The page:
Hashimoto’s disease (also known as autoimmune or chronic lymphocytic thyroiditis) is a condition where the immune system attacks the thyroid gland. The primary role of the thyroid is to produce hormones to regulate a variety of functions throughout the body. Hashimoto’s is an inflammatory disease that can lead to underactive thyroid, known as hypothyroidism. In this condition, the thyroid is unable to produce adequate hormones. Since Hashimoto’s is an autoimmune disease, the specific cause is unknown.

Hashimoto’s diseases is the getting very common and is seven times more common in women than in men.


  • Fatigue and drowsiness
  • Weight gain
  • Constipation
  • Feeling cold all the time
  • Hair loss
  • Dry, itchy skin and dry, brittle hair and nails
  • Forgetfulness
  • Sore muscles
  • Increased sensitivity to medications
  • Heavy menstrual flow and increased susceptiblity of miscarriages
  • Pufy face


    At the core, Hashimoto’s is caused by a malfunction of the immune system; however, the factors for that malfunction are unknown. It is thought that a virus or bacterium might trigger symptoms. Other factors in the development of this disorder include genetics, heredity, sex and age.



Sea vegetables: Contain iodine, which is critical for the thyroid to function properly.

Omega-3 fats: Fatty acids from grass-fed beef, wild-caught salmon, and chia and flaxseeds can help to reduce inflammation.

Foods high in tyrosine: Thyroid dysfunction may cause a deficiency in this amino acid, which can be found in pumpkin seeds, almonds and fish.

Coconut oil: Provides medium-chain fatty acids in the form of caprylic acid, lauric acid and capric acid that support a healthy metabolism, increase energy and fight fatigue.

Sprouted seeds: Flax, hemp and chia seeds provide ALA, a type of omega-3 fat that’s critical for proper hormonal balance and thyroid function.


Goitrogens: Certain raw vegetables called goitrogens (kale, broccoli cauliflower, cabbage and Brussels sprouts) may decrease thyroid function. However, these are not harmful if they are cooked.

Tap water: Can be high in chlorine and fluoride, which decrease the absorption of iodine.

Sugar and refined carbohydrates: Since thyroid problems may result in weight gain, it is critical to reduce the amount of refined carbohydrates that stimulate appetite and may lead to an overconsumption of calories.

Conventional dairy: Dairy can be especially problematic for the thyroid, triggering reactions that raise inflammatory responses. Avoid conventional cow milk, cheese, sour cream and other non-fermented dairy products that are not organic and have been pasteurized.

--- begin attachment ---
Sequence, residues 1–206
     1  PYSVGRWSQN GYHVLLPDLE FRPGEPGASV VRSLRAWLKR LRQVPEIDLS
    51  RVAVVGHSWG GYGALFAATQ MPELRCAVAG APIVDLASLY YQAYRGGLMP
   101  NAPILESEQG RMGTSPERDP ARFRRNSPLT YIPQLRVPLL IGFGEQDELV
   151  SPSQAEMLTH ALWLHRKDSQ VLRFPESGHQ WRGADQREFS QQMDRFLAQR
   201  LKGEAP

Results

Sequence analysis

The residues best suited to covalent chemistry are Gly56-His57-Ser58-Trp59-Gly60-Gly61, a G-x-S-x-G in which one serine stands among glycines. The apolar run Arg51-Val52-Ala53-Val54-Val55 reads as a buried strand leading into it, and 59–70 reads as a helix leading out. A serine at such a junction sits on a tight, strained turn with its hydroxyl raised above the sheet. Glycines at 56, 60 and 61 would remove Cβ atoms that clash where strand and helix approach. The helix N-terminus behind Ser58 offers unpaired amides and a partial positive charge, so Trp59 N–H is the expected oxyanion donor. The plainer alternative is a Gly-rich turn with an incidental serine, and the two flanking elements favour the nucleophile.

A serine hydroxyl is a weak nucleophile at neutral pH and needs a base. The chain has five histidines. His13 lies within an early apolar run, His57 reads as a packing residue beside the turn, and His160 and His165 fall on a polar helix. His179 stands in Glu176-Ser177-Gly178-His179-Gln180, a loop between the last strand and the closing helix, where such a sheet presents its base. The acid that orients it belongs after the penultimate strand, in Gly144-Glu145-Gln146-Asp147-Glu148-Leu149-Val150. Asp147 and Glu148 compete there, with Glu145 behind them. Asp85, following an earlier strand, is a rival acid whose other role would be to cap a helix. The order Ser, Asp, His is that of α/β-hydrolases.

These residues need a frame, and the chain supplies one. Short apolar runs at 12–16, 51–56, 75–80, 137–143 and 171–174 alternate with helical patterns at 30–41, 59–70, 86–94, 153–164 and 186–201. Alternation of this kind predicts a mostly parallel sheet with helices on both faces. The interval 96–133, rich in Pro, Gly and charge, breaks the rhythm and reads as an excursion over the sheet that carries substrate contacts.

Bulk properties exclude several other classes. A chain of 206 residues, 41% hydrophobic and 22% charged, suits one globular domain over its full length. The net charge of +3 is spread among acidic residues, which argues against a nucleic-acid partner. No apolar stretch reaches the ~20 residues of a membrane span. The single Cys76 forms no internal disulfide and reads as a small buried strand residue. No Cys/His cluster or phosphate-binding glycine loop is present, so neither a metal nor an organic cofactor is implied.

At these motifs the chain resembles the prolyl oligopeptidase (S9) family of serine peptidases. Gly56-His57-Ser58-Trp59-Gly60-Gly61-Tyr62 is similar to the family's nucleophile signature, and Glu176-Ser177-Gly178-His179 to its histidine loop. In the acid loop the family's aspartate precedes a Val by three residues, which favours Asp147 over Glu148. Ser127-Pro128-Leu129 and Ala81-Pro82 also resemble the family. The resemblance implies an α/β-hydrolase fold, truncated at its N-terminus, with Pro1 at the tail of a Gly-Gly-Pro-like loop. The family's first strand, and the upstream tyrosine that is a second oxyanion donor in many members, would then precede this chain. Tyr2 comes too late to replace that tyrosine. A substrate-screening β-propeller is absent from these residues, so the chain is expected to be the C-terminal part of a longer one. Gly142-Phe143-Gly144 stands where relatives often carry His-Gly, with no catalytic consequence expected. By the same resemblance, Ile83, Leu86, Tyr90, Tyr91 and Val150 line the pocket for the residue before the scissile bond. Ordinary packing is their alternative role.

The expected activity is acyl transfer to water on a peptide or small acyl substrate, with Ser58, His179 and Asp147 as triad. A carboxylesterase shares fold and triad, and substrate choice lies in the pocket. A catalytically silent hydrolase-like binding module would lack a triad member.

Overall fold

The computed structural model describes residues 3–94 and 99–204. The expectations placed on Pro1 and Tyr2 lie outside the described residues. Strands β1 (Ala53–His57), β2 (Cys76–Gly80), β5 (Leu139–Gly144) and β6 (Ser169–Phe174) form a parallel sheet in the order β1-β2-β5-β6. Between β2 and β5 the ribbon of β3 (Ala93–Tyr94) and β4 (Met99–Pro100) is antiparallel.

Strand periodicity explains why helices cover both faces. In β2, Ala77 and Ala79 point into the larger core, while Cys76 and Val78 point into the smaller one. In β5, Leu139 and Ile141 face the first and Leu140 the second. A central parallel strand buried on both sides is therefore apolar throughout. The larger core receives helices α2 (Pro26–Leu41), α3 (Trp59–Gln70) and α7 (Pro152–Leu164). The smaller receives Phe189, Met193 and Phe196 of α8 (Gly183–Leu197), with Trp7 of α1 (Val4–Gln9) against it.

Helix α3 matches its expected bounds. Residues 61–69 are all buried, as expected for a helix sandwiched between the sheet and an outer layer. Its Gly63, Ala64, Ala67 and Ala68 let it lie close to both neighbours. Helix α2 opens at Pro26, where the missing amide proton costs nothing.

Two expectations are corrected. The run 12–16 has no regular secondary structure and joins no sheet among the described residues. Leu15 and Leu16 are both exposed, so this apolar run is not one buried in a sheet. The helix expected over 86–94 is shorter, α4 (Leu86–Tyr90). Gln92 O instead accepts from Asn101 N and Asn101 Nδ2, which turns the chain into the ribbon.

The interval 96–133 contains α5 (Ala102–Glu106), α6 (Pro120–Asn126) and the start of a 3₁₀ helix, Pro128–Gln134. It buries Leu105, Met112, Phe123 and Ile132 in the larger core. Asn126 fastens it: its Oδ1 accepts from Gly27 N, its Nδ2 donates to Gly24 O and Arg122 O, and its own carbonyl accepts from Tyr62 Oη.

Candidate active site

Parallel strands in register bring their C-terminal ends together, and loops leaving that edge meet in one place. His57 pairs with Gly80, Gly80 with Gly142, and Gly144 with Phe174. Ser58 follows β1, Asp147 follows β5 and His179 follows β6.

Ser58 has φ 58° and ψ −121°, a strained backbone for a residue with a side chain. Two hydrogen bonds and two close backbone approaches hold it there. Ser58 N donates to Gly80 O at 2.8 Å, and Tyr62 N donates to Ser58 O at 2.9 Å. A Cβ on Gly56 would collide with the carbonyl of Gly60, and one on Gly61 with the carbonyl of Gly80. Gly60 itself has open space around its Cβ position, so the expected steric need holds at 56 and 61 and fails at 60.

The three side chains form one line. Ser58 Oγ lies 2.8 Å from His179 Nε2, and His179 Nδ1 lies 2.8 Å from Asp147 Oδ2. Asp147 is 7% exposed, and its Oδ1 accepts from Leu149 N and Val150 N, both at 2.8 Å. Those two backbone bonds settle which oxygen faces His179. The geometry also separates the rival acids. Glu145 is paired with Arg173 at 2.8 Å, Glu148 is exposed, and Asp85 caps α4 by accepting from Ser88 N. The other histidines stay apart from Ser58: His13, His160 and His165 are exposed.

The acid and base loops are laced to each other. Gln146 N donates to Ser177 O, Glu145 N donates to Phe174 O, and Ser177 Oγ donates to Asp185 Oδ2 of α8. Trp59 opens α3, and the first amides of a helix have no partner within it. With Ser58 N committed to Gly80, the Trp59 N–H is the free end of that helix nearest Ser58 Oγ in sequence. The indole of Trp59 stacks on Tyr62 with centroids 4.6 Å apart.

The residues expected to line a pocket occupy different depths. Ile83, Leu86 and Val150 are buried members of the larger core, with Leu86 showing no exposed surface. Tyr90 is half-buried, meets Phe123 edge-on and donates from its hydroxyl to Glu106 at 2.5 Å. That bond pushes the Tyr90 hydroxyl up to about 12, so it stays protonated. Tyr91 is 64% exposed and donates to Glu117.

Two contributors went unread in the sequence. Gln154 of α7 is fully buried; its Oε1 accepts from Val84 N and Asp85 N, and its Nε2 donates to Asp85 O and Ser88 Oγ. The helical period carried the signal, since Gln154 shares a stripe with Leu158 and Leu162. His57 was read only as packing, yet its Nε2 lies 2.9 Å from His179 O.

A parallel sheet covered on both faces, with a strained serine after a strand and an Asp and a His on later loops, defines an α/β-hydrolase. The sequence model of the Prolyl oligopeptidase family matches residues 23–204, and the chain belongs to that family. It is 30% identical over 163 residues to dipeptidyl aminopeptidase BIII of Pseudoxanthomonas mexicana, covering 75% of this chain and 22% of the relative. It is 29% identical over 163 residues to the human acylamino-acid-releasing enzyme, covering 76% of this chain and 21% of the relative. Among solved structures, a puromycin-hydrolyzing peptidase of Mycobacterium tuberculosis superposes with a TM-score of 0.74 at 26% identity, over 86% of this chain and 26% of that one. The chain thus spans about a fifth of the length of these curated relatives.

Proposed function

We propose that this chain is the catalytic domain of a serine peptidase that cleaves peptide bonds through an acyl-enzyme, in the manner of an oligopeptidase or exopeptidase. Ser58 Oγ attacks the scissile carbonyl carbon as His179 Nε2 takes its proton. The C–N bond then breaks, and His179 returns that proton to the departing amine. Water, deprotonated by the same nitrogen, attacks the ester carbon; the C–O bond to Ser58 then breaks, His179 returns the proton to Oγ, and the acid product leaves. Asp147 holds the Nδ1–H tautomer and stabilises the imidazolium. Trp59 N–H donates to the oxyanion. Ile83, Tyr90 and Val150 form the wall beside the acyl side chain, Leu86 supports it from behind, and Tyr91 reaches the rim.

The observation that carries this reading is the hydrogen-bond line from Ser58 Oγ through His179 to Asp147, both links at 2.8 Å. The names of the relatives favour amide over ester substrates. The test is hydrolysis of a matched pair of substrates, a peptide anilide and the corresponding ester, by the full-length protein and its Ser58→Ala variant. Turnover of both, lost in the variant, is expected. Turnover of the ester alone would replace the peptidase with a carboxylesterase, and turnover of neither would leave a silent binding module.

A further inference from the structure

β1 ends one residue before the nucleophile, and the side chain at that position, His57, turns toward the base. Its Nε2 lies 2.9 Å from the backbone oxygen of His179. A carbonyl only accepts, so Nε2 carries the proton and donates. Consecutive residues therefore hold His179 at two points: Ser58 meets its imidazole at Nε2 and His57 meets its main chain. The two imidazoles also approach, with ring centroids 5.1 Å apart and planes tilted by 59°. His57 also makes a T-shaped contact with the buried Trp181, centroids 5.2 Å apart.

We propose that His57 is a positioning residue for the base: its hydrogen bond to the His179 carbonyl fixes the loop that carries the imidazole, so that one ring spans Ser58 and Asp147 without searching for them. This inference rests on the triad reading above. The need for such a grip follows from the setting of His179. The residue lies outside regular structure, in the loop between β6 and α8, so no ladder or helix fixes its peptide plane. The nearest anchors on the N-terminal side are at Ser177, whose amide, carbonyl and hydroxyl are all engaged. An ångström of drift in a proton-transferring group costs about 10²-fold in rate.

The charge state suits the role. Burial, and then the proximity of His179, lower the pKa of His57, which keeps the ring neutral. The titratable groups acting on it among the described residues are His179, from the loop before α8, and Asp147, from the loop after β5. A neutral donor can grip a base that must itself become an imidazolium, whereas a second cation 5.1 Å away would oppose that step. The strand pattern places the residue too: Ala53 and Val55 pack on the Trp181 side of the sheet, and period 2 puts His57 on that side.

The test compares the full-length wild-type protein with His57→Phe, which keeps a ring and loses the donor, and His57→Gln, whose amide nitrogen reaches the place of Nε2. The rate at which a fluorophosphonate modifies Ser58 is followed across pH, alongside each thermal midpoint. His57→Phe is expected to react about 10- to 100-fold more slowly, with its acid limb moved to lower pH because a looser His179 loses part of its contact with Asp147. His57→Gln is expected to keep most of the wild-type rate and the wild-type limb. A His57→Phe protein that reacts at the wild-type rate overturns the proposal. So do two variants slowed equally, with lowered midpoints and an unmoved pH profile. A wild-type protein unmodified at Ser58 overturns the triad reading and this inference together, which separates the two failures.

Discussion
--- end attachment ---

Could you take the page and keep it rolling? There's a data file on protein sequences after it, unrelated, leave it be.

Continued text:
Gluten: Many people with thyroid issues are also sensitive to gluten. Undiagnosed sensitives to gluten can further raise inflammation, create nutrient deficiencies and worsen hormonal problems.



1 Selenium (200 mpg, daily) – helps with the production of free T3, a thyroid hormone

2 Omega-3s or fish oil (3,000 mg, fish oil daily)

3. L-Tyrosine (500mg, two times daily) – Helps replace tyrosine, which may be lacking in people with thyroid problems

4 Ashwagandha (as directed on label) – Helps improve stress and thyroid function.

5. Multi-Vitamin (as directed by the) Provides vitamins and mineral necessary for thyroid function.


Helpful oils include: Chamomile, Citrus, Frankincense, Geranium, Lavender, Lemongrass and Myrrh

To use: To improve thyroid function and heal symptoms of autoimmune disease:

  • Combine 3 drops of frankincense with 5 parts lemongrass and 5 parts geranium. Rub these directly on the thyroid, which is located at the front lower part of your neck. You can also try putting 2 drops of frankincense oil on the roof of your mouth, twice daily.
  • To combat muscle or joint pain, try a soothing bath using geranium, myrrh and lemongrass.
  • To improve your mood and reduce anxiety or irritability, use chamomile, frankincense and lavender, either di used in your home or added to a bath.

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